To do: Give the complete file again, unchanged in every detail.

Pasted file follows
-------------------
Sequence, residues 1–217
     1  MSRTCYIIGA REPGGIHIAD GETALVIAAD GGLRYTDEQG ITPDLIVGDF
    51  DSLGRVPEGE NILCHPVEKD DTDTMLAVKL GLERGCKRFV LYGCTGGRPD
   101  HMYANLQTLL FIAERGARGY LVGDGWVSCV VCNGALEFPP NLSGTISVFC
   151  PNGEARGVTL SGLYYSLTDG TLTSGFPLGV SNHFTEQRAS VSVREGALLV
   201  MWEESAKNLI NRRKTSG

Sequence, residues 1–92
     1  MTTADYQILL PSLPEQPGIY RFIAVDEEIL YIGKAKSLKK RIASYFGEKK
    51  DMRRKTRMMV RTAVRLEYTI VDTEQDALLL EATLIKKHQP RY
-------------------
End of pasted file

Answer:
Sequence, residues 1–217
     1  MSRTCYIIGA REPGGIHIAD GETALVIAAD GGLRYTDEQG ITPDLIVGDF
    51  DSLGRVPEGE NILCHPVEKD DTDTMLAVKL GLERGCKRFV LYGCTGGRPD
   101  HMYANLQTLL FIAERGARGY LVGDGWVSCV VCNGALEFPP NLSGTISVFC
   151  PNGEARGVTL SGLYYSLTDG TLTSGFPLGV SNHFTEQRAS VSVREGALLV
   201  MWEESAKNLI NRRKTSG

Sequence, residues 1–92
     1  MTTADYQILL PSLPEQPGIY RFIAVDEEIL YIGKAKSLKK RIASYFGEKK
    51  DMRRKTRMMV RTAVRLEYTI VDTEQDALLL EATLIKKHQP RY